On the other hand, the HBsAg negative conversion rate was 2.8%–4.0% 24 weeks after conclusion of treatment,
and 8.7%–12% 3 years after.[23, 24] In responders who achieved HBV DNA negative conversion, the HBsAg negative conversion rate is 44% at 3 years, and in patients with HBsAg levels <10 IU/mL at conclusion of treatment, the rate is extremely high at 52%, characteristics not seen with entecavir therapy. In this way, Peg-IFN monotherapy of HBeAg negative patients does not yield high overall rates of HBV DNA continuous negative conversion, but Peg-IFN is the treatment of first Vismodegib order choice because in responders a drug free state and HBsAg negative conversion can be achieved selleck chemical with a finite duration of treatment. However, all these results are from overseas, and there is no Japanese data concerning elimination of HBsAg by Peg-IFN therapy. On the other hand, as for HBeAg positive chronic hepatitis, patients at high risk of progression of hepatic fibrosis to
liver cirrhosis, and in cases where Peg-IFN is ineffective or contraindicated, entecavir is the treatment of first choice. With entecavir treatment, the HBV DNA negative conversion rate is 90% after 48 weeks of treatment, and long term it is extremely high at 100%, enabling certain achievement of HBV DNA negative conversion irrespective of pretreatment factors. However, the relapse rate after treatment cessation is high at 97%, so long term continuous medchemexpress treatment is the norm. The HBsAg negative conversion rate at 48 weeks after treatment commencement is reported as 0%. Even with long term continuous treatment, HBsAg negative conversion is considered rare, but there have been reports of NA therapy with lamivudine yielding a HBsAg negative conversion rate of 6.9% at 9 years, and for adefovir 5% at 3.8 years. There are very few reports of the long term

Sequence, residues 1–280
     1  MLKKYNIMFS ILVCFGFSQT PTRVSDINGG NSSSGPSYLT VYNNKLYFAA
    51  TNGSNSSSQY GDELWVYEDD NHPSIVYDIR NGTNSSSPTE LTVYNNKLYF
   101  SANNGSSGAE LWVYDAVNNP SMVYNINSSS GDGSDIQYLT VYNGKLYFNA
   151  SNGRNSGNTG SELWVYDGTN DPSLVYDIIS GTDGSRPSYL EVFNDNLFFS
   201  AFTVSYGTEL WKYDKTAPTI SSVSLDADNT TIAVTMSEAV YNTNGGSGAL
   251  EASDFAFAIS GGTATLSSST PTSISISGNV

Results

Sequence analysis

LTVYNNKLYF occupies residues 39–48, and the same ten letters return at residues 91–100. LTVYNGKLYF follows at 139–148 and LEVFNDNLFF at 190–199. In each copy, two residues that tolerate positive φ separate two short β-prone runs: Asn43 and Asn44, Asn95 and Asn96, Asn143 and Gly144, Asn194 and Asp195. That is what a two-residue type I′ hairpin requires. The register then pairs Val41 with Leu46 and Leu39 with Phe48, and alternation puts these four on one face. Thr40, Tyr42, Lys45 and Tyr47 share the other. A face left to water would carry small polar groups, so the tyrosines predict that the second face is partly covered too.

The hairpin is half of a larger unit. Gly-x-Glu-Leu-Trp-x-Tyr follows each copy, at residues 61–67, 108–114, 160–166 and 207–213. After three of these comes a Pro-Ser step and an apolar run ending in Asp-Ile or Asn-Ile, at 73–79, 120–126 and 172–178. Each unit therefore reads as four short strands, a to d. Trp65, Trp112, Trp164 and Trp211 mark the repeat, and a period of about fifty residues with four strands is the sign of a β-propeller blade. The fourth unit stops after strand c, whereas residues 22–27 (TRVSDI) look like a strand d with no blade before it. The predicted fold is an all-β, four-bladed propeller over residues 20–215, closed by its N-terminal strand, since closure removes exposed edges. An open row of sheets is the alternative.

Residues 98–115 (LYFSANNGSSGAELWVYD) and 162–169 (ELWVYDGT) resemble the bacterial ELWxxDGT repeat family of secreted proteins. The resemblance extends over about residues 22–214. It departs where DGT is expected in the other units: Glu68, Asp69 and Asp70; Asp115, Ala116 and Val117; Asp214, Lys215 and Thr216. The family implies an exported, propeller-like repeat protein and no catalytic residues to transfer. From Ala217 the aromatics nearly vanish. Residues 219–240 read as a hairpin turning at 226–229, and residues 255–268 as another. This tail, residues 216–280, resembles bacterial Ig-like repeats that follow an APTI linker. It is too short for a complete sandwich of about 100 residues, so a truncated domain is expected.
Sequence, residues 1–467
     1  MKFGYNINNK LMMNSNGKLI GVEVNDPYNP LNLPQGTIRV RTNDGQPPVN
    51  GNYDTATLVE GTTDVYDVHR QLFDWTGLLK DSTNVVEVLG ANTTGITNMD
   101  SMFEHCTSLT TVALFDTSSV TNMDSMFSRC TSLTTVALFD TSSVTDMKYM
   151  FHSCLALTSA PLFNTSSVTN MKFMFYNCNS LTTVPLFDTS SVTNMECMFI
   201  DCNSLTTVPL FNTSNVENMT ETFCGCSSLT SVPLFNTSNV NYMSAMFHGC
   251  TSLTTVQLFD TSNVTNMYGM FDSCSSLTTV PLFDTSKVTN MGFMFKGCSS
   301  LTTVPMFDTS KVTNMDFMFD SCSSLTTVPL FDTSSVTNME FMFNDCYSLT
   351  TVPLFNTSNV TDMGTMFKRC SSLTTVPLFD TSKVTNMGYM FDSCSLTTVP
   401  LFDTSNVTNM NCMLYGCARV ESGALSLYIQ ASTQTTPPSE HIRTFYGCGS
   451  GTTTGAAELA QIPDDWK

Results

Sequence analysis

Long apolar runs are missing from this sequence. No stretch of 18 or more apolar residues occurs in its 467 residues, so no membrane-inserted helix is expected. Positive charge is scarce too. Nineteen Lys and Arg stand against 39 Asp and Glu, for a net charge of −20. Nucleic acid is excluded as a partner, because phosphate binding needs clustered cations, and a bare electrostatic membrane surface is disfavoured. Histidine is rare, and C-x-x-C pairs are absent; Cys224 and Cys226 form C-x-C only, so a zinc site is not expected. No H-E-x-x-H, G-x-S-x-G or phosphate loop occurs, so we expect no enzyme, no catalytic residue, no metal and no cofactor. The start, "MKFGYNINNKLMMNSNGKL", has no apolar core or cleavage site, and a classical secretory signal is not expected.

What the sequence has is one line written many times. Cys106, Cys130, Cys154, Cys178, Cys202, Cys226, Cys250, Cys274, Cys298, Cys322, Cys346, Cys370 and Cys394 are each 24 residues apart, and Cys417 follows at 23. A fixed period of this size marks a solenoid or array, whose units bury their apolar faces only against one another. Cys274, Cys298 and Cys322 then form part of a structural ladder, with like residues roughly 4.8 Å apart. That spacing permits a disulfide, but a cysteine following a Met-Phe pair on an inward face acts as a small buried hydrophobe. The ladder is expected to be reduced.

therapeutic results with entecavir, and further studies will be required to elucidate the HBsAg negative conversion rate with long term treatment. Recommendations In patients with HBeAg negative chronic hepatitis, the overall rate of HBV DNA continuous negative conversion is not high with Peg-IFN therapy, but in responders we can expect high rates of drug free state and HBsAg negative conversion. Peg-IFN should also be considered the treatment of first choice for patients with HBeAg negative chronic hepatitis. In patients at high risk of progression of hepatic fibrosis to liver cirrhosis, and in cases where Peg-IFN is ineffective or contraindicated, entecavir is the treatment of first choice with the aim of maintaining long term remission. Lamivudine therapy is recommended in cases of acute exacerbation of hepatitis associated with jaundice.